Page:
We recently went to an author talk in which Sarah MacLean said she loves the increased use of dirty talk in romance because it’s “ongoing consent”. How amazing is that? That there are authors looking for ways to make love scenes more clear, more unfettered, by making sure the consent is obvious AND beautifully done. This stuff matters.
Romance is a largely inclusive genre – and that’s important. The authors who write these books are constantly bursting open doors and welcoming more people in. It matters to have characters that look like real people and who love like real people do. Race, gender identity, sexual orientation–it’s all discussed in the romance literature written every day. Possibly there are not really people in love with shifters, we acknowledge (if there are, Erin would like to hear from you). But in all seriousness, there are so many different combinations of who loves whom (and how many love together) out in the world that it’s appropriate and necessary for such love to be reflected in our literature.
And where reality fails us, we have the opportunity to explore the notion of romance in the “other” in paranormal, sci-fi, and other sub-genres of romance. The authors who are opening these doors and windows for us readers are also readers themselves, and we support each other. Romance creates community, even if we never speak directly to one another.
In short, romance means a lot to us. It’s been a source of comfort and connection for us for decades. It’s made us think about things in different ways. It makes us test ourselves. It’s made us uncomfortable and angry and happy. We have literally cried and literally laughed so loudly that we’ve scared pets and woken sleeping children.
Romance brings us joy. It’s as simple as that.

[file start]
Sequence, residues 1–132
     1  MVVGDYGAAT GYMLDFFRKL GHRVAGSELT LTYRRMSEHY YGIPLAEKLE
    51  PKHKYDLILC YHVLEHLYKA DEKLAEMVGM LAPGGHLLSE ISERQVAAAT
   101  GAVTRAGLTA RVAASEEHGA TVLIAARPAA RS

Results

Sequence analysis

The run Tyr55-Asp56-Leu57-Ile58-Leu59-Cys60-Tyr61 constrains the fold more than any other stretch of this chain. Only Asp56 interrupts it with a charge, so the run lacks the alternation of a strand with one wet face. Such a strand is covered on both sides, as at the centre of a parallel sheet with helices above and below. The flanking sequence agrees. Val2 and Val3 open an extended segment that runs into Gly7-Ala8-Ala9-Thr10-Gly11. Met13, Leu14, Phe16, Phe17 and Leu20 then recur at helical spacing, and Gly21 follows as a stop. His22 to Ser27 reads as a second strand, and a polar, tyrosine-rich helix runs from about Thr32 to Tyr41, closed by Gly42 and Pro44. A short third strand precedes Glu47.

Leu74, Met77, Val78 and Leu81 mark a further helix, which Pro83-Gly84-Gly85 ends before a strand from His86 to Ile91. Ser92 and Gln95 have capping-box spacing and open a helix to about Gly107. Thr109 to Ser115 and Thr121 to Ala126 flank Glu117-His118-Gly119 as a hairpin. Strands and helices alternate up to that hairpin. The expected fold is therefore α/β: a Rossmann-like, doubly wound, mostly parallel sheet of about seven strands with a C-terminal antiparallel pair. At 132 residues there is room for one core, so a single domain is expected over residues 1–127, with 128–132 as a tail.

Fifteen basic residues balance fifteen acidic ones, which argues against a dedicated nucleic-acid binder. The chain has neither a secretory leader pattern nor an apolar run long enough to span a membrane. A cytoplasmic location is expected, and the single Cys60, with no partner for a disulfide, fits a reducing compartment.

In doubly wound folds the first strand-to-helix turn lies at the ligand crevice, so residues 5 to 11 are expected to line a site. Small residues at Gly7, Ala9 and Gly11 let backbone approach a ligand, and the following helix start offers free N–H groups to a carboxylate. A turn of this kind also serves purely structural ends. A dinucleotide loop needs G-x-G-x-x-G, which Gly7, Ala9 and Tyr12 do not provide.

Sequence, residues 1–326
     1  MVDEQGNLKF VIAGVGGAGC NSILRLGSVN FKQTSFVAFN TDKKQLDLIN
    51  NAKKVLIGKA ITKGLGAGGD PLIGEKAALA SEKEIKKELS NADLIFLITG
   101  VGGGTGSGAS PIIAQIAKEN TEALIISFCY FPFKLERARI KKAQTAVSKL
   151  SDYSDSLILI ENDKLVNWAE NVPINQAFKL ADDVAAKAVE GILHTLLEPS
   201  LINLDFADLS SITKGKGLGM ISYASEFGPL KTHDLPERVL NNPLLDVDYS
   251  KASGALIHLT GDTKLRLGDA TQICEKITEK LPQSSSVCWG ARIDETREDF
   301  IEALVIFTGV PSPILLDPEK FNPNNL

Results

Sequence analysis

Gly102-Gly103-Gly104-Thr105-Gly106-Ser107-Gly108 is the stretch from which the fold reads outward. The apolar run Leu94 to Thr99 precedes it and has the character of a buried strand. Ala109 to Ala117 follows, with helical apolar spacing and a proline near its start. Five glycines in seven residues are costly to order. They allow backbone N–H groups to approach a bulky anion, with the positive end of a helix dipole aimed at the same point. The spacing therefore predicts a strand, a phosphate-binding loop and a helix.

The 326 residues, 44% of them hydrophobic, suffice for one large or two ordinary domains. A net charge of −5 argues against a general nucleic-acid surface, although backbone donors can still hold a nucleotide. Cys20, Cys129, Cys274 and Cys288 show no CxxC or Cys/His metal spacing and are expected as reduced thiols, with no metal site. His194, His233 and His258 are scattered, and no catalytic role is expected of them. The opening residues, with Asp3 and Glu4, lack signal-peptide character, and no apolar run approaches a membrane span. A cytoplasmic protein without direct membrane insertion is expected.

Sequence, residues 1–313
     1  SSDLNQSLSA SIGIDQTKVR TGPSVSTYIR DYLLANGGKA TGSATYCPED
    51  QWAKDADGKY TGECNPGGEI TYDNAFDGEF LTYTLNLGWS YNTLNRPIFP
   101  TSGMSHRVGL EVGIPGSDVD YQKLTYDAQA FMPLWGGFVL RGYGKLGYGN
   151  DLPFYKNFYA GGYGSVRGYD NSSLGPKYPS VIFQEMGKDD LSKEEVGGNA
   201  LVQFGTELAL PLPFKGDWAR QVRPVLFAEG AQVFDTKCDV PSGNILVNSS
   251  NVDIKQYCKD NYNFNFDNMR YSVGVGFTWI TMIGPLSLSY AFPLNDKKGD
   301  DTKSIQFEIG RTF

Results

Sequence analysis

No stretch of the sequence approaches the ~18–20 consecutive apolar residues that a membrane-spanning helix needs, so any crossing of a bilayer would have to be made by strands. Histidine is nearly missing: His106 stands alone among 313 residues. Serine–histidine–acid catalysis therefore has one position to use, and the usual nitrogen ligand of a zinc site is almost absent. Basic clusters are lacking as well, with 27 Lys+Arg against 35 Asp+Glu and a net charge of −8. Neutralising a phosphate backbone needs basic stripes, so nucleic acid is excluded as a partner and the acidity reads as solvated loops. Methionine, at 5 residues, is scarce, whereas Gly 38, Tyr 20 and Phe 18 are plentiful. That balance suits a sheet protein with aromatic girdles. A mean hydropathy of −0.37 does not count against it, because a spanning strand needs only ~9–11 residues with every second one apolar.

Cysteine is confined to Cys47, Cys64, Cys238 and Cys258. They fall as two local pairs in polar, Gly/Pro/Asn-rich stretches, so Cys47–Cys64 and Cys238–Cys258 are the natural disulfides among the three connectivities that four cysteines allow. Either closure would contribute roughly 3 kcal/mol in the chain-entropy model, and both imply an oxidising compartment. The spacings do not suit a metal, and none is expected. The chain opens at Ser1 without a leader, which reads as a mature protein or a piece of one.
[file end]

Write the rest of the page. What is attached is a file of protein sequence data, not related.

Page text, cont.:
The Smut Report is the brainchild of Erin, Holly, and Ingrid, three thirty-somethings who have been swapping smut books for twenty years. They’ve read a lot of smut and love the genre. They want to share their love of smut with people who already love to read romance, but also with people who are curious about the genre, yet are a little bit scared to dive right in. So, in order to further their goal of sharing the wonderful, witty, and downright weird corners of the world of smut with everyone they know, they started a blog, where they can chat about romance novels to their hearts’ content.
Wait, we’re not quite finished!
So, I put the question to you as a reader today as well. What does the word ‘romance’ really mean for you? Is romance a driving force in your life? How have your beliefs about romantic relationships informed your own relationships? Perhaps seeing other couples (parents or friends) were some kind of influence. By reading romance novels, does that help to reaffirm things for you?
If you’d like to participate in this special feature, please contact me at firstname.lastname@example.org and I’ll schedule a spot for you. As you can tell from the schedule on the right hand side of the page, we usually get booked fast, but don’t hesitate to join in! You do not need to be a freelance writer or author, or even from a romantic themed organization. We want to hear from anyone. We’d love to get your take on how you feel about romance, and why you keep reading our books! ♥♥♥
Thanks again, The Smut Report, for giving us your take on what romance (and the book genre) has come to mean to you, plus some food for thought. Awesome! 😀
Readers, stay tuned for our next guest post when Dr. Anne Hancock visits ILRB on October 3rd! Yay! 🙂
Have a great weekend, everyone!